Article concludes:

            It is prudent that the LNT model should continue to be used as the basis for radiation protection policy, including that which is applicable to diagnostic radiology. There is no consistent evidence to support a departure from the LNT model, either by introducing a threshold level of ‘‘safe’’ radiation or by altering the shape of the LNT curve at low doses. Indeed, although the existence of departure from linearity may be seen in certain instances, as both upwardly and downwardly curving slopes are possible (Figure 1), the net effect may be best described by a linear curve (p. 1172)

            And I really don’t see what initiating a permanent stress condition and activated immune system response in generally healthy individuals has to do with prudent public safety guidelines for radiation exposures and limits (after an accident, in the workplace, or otherwise). Are you suggesting human physiology isn’t adequately adapted to its environment, and merits a supplemental dose of radiation above background (and rising rates of diagnostic procedures) in order to maintain proper physiological functioning and good overall general health?

            1. @EL

              Your phrasing confused me. It almost appears as if you are saying that I did not read the study I linked to.

              Here is the conclusion of the paper I mentioned this morning:

              LNT was a useful model half a century ago. But current radiation protection concepts should be based on facts and on concepts consistent with current scientific results and not on opinions. Preconceived concepts impede progress; in the case of the LNT model, they have resulted in substantial medical, economic, and other societal harm.

          7. Rod Adams wrote: “Your phrasing confused me. It almost appears as if you are saying that I did not read the study I linked to.”

            No … not that you did not read it, but that you did not understand it. Yes, the general statement is correct, old concepts need to be revised, and “current radiation protection concepts” should be “consistent with current scientific results and not opinions.” Who disagrees with that?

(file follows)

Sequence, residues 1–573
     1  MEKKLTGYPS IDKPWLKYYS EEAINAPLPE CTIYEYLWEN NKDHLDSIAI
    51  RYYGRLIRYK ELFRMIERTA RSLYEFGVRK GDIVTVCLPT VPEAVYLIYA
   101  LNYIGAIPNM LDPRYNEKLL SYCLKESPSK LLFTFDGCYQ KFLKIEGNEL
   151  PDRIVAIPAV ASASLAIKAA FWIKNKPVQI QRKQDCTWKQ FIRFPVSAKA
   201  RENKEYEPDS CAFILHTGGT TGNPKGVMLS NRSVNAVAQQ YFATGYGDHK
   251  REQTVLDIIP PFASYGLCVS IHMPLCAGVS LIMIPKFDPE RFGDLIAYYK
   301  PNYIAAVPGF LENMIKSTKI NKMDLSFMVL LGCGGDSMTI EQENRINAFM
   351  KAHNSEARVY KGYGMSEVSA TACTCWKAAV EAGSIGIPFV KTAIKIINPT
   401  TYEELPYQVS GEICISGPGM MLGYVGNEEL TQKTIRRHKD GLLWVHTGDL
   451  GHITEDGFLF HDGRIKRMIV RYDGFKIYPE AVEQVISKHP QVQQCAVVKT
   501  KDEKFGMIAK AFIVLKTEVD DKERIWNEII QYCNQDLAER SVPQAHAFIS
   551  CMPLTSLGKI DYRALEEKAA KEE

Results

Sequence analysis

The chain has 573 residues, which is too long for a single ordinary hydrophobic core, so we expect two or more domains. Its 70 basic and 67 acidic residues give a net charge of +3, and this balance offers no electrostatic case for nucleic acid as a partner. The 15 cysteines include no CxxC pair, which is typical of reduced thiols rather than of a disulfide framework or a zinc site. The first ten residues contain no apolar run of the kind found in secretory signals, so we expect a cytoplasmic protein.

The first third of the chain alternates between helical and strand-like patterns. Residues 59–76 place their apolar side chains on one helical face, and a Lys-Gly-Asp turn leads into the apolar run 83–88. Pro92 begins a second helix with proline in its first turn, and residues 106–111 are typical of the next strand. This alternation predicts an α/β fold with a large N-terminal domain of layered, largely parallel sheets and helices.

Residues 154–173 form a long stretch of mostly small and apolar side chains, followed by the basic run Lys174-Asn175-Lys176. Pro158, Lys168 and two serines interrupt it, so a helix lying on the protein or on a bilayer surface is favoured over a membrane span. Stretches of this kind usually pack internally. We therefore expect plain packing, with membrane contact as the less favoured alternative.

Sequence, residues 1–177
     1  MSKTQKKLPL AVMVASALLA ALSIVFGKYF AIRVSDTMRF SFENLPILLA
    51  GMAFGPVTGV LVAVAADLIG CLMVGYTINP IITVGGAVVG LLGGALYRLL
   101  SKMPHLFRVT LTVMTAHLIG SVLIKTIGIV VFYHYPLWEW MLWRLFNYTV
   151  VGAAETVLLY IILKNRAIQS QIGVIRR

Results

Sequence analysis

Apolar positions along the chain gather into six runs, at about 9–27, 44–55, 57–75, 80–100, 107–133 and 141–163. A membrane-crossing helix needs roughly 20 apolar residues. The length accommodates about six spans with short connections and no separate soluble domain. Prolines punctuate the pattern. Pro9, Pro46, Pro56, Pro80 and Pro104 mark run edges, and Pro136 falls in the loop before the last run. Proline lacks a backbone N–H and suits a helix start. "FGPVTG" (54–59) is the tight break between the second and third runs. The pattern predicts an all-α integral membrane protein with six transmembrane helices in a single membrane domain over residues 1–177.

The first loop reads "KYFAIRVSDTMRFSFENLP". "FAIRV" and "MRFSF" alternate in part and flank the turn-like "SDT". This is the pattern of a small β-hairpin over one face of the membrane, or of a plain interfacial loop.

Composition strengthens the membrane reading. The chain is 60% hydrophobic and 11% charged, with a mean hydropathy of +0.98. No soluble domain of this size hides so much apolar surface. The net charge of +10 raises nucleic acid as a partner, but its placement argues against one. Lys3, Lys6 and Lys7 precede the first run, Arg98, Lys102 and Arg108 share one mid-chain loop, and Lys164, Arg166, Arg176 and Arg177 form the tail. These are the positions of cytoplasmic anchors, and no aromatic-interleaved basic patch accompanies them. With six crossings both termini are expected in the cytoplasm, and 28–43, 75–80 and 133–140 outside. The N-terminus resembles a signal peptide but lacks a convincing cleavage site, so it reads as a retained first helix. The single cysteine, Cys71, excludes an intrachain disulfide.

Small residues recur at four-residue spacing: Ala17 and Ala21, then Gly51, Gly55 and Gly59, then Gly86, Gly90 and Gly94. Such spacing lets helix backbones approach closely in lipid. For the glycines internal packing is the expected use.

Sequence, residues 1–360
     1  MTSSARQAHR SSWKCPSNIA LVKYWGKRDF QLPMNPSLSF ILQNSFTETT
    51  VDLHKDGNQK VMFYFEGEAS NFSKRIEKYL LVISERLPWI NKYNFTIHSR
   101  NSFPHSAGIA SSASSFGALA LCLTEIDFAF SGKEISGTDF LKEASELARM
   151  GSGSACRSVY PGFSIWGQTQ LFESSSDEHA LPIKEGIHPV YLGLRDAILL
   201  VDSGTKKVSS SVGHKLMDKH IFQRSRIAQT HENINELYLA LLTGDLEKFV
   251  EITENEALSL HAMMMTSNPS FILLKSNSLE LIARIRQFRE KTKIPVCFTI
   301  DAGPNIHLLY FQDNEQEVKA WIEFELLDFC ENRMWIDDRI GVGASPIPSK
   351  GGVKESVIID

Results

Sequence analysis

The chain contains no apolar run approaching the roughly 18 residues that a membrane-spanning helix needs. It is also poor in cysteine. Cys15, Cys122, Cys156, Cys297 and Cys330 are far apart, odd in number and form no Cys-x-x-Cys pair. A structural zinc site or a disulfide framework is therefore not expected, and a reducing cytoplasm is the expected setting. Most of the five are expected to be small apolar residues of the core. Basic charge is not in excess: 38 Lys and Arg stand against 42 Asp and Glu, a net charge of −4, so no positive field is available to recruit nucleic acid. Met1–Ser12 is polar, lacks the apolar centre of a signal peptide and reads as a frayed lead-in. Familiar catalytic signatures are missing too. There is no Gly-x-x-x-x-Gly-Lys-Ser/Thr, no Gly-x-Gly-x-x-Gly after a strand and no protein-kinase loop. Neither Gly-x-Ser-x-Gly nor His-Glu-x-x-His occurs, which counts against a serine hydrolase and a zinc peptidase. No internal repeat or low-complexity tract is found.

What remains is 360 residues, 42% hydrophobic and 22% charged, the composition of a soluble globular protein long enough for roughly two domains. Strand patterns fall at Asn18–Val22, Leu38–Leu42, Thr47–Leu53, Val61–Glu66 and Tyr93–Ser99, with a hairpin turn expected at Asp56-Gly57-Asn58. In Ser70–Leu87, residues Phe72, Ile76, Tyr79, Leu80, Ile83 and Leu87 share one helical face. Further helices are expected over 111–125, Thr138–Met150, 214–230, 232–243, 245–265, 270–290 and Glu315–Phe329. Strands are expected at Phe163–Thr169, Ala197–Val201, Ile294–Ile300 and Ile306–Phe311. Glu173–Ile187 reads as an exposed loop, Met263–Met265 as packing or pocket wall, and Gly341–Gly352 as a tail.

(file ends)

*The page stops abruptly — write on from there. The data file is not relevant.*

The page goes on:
Paper is concerned with animal and experimental studies, and rebutting claims that cancer incidence takes place at even the smallest dose. It makes wild extrapolations based on a handful of studies regarding Chernobyl impacts (many of which are debatable and not certain) … and for a threshold of 200 mSv. Primarily, it makes the claim that nobody should fear x-rays as a diagnostic tool. I don’t see where this is controversial. Other than that, it makes some conjectures, and suggests we seek more information from “patients undergoing radiation therapy” to extend findings in other contexts and at higher dose levels than what has already been suggested by the epidemiology.

            I find the paper really fuzzy in it’s language and findings, often leading you to think one thing (when it is actually saying another). The paper often says “in humans” when it actually means in vitro. These are not particularly clear or informative uses of these terms. This is why I brought up the uncontroversial observation (which is widely acknowledged) about the challenge of relating animal or in vitro findings to in vivo results. I guess you see more certainty in these applications than me. The paper is very clear we should revise LNT to no longer mean cancer incidence at even the smallest dose. It suggests we shouldn’t fear x-rays, and investigate further challenges to LNT as a dominant paradigm of risk assessment for low acute and low chronic doses. It does not conclude that 500 mGy should be used as an acceptable public health exposure threshold in radio-protection standards.

            1. @EL

              Not that this comment comes from a peer reviewed source, but it is interesting and relevant to our discussion:


              John Tjostem wrote: